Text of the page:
Multiplicative inverse
–
The reciprocal function: y = 1/ x. For every x except 0, y represents its multiplicative inverse. The graph forms a rectangular hyperbola.
21.
Map scale factor
–
The scale of a map is the ratio of a distance on the map to the corresponding distance on the ground. This simple concept is complicated by the curvature of the Earth's surface, which forces scale to vary across a map. Because of this variation, the concept of scale becomes meaningful in two distinct ways. The first way is the ratio of the size of the generating globe to the size of the Earth. The generating globe is a conceptual model to which the Earth is shrunk and from which the map is projected. The ratio of the Earth's size to the generating globe's size is called the nominal scale. Many maps may even display a scale to represent it. The distinct concept of scale applies across a map. It is the ratio of the mapped point's scale to the nominal scale. In this case'scale' means the scale factor. In maps covering the whole Earth, the map's scale may be even useless in measuring distances. The map projection becomes critical in understanding how scale varies throughout the map. When scale varies noticeably, it can be accounted for as the scale factor. Tissot's indicatrix is often used to illustrate the variation of point scale across a map. Map scales may be expressed as a fraction.
Map scale factor
–
The Winkel tripel projection with Tissot's indicatrix of deformation
22.
Gauss
–
Carl Friedrich Gauss was born on 30 April 1777 in Brunswick, as the son of poor working-class parents. He was confirmed in a church near the school he attended as a child. Gauss was a prodigy. A contested story relates that, when he was eight, he figured out how to add up all the numbers from 1 to 100. He made his first ground-breaking mathematical discoveries while still a teenager. He completed his magnum opus, in 1798 at the age of 21, though it was not published until 1801. This work has shaped the field to the present day. While at university, Gauss independently rediscovered important theorems. Gauss was so pleased by this result that he requested that a regular heptadecagon be inscribed on his tombstone. The stonemason declined, stating that the difficult construction would essentially look like a circle. The 1796 was most productive for both Gauss and number theory. He discovered a construction of the heptadecagon on 30 March. He further advanced modular arithmetic, greatly simplifying manipulations in theory. On April he became the first to prove the quadratic reciprocity law. This remarkably general law allows mathematicians to determine the solvability of any quadratic equation in modular arithmetic.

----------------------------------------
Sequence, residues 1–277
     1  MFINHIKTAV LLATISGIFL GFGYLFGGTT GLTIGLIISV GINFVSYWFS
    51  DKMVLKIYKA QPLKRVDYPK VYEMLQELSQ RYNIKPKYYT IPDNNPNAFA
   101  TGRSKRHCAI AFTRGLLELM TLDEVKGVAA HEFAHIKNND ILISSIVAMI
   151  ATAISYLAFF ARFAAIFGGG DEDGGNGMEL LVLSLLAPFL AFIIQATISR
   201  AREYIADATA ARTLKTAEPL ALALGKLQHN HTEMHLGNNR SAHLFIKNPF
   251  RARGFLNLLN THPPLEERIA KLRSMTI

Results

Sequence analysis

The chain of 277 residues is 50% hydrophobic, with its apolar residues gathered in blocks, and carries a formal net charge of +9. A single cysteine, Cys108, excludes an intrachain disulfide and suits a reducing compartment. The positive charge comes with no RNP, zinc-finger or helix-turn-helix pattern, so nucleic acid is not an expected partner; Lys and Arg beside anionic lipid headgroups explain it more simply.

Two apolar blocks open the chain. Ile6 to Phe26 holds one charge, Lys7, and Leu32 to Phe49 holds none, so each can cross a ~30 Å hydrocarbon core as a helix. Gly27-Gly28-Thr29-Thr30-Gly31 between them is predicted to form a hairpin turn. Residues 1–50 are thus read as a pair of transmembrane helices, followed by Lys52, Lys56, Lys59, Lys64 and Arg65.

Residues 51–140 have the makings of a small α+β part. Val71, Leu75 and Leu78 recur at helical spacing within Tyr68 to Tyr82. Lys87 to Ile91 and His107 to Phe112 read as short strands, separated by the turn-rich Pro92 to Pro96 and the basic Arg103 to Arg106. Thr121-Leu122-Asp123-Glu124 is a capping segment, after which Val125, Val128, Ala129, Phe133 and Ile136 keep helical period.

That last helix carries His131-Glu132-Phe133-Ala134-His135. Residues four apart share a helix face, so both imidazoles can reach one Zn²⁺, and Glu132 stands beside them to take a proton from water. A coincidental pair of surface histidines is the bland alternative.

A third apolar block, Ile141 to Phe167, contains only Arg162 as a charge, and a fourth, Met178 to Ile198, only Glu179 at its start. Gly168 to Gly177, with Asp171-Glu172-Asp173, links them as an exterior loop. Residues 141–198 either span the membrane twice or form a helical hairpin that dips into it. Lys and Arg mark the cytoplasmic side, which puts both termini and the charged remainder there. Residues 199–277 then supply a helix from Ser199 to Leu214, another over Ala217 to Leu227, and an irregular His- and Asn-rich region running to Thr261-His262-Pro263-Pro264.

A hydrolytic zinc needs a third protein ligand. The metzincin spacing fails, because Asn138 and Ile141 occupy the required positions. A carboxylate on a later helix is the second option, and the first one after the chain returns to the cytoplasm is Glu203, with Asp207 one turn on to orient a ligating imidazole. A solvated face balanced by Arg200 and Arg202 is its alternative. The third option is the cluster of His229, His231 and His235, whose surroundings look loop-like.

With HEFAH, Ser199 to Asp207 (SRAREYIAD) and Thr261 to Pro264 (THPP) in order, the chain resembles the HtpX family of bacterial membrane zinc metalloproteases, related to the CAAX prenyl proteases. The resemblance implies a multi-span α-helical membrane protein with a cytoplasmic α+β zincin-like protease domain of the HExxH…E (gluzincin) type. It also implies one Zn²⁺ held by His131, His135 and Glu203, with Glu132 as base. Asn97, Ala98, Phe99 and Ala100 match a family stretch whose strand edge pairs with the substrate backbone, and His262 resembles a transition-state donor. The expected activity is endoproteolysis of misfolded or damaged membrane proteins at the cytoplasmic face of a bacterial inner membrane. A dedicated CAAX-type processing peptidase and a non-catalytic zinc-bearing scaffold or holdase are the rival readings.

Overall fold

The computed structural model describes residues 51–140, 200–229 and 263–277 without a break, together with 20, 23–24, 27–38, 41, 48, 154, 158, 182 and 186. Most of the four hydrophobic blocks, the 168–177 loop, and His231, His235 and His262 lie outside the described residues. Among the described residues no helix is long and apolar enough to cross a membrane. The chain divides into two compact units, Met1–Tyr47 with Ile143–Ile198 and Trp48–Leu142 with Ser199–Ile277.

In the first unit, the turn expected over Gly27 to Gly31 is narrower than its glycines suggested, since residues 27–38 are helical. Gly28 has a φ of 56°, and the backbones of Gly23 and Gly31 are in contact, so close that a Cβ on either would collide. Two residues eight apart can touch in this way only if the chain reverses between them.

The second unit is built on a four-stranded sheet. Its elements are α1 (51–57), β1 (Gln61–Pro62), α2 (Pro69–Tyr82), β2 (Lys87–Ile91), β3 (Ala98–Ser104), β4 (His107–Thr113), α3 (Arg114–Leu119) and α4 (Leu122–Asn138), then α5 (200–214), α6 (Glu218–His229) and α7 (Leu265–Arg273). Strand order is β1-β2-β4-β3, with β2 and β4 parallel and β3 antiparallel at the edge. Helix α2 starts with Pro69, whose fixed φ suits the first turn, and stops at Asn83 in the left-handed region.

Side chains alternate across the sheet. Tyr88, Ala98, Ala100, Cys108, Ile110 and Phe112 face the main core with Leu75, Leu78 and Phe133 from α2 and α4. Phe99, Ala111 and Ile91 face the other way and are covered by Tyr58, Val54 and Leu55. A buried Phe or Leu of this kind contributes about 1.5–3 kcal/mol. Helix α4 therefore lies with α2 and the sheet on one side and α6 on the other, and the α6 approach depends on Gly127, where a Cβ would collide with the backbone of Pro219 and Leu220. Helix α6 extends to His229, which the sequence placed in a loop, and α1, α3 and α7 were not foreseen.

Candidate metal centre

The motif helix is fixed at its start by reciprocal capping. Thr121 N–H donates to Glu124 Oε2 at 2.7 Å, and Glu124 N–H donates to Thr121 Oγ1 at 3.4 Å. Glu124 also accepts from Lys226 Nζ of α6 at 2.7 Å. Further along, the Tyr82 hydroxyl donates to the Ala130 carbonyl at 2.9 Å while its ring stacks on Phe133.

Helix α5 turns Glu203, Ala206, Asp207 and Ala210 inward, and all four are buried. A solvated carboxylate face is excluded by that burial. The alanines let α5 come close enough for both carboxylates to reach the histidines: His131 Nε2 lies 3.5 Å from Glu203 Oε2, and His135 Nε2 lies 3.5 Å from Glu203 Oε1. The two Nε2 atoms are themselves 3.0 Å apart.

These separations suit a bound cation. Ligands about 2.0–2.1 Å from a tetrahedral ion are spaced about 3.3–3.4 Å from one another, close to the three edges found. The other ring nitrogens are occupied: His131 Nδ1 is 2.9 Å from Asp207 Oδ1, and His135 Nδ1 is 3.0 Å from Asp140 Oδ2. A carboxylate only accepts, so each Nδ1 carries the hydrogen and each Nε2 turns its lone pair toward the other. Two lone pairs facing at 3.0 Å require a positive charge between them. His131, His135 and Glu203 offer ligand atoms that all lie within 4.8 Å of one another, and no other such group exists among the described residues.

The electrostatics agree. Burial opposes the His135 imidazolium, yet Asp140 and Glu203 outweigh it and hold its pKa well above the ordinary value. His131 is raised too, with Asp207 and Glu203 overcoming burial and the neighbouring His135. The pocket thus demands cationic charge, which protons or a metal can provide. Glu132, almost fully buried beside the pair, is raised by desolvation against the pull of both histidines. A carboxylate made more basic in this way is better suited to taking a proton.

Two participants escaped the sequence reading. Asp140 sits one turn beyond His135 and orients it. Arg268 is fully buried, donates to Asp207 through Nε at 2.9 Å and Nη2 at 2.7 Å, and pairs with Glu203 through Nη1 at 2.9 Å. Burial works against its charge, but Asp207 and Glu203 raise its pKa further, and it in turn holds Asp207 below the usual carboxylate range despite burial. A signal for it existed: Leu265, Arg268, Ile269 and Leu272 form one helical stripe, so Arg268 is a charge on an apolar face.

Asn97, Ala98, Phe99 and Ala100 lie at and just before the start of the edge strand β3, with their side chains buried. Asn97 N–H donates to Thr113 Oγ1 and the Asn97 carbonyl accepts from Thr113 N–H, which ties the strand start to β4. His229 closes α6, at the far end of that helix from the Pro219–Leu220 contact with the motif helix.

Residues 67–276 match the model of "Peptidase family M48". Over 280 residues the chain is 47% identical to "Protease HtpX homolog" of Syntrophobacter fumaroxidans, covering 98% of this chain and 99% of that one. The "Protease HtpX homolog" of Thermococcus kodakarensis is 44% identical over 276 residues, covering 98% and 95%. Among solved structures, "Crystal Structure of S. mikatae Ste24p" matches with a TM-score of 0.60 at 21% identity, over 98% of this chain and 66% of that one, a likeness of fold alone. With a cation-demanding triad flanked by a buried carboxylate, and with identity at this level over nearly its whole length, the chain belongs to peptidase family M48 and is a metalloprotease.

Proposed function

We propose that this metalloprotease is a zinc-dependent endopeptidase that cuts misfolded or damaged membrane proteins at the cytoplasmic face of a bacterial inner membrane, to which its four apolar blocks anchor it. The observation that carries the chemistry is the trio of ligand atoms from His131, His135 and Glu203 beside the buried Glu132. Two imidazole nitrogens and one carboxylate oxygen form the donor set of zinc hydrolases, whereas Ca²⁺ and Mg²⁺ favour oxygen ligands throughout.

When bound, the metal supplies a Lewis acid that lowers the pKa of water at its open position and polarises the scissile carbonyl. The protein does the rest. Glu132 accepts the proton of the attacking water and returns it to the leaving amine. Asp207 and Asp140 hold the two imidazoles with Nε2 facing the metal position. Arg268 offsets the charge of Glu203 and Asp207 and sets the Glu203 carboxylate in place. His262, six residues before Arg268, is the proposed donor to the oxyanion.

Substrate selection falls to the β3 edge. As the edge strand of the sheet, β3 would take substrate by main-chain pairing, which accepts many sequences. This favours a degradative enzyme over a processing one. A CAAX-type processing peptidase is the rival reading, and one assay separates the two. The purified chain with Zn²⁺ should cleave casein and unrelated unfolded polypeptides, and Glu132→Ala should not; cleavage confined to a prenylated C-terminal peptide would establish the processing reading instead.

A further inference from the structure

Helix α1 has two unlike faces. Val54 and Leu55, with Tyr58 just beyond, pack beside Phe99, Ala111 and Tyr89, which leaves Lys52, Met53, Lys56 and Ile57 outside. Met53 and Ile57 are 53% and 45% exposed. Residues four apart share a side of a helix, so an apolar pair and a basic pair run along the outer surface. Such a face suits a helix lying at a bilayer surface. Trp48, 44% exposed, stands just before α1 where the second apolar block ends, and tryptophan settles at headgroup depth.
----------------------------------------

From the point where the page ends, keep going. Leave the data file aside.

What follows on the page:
Gauss
–
Carl Friedrich Gauß (1777–1855), painted by Christian Albrecht Jensen
Gauss
–
Statue of Gauss at his birthplace, Brunswick
Gauss
–
Title page of Gauss's Disquisitiones Arithmeticae
Gauss
–
Gauss's portrait published in Astronomische Nachrichten 1828
23.
Theorema Egregium
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Gauss's Theorema Egregium is a foundational result in differential geometry proved by Carl Friedrich Gauss that concerns the curvature of surfaces. The theorem says that the Gaussian curvature of a surface does not change if one bends the surface without stretching it. Thus the Gaussian curvature is an intrinsic invariant of a surface. Gauss presented the theorem in this way: Thus the formula of the preceding article leads itself to the remarkable Theorem. If a curved surface is developed upon any other whatever, the measure of curvature in each point remains unchanged. The theorem is "remarkable" because the starting definition of Gaussian curvature makes direct use of position of the surface in space. So it is quite surprising that the result does not depend in spite of all bending and twisting deformations undergone. In mathematical language, the theorem may be stated as follows: The Gaussian curvature of a surface is invariant under local isometry. A sphere of radius R has Gaussian curvature, equal to 1/R2. At the same time, a plane has zero Gaussian curvature. As a corollary of Theorema Egregium, a piece of paper cannot be bent onto a sphere without crumpling. Conversely, the surface of a sphere can not be unfolded without distorting the distances. If one were to step on an empty shell, its edges have to split in expansion before being flattened. Mathematically speaking, a plane are not isometric, even locally. Thus every cartographic projection necessarily distorts at least some distances.
Theorema Egregium
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A consequence of the Theorema Egregium is that the Earth cannot be displayed on a map without distortion. The Mercator projection, shown here, preserves angles but fails to preserve area.
24.
Plane (geometry)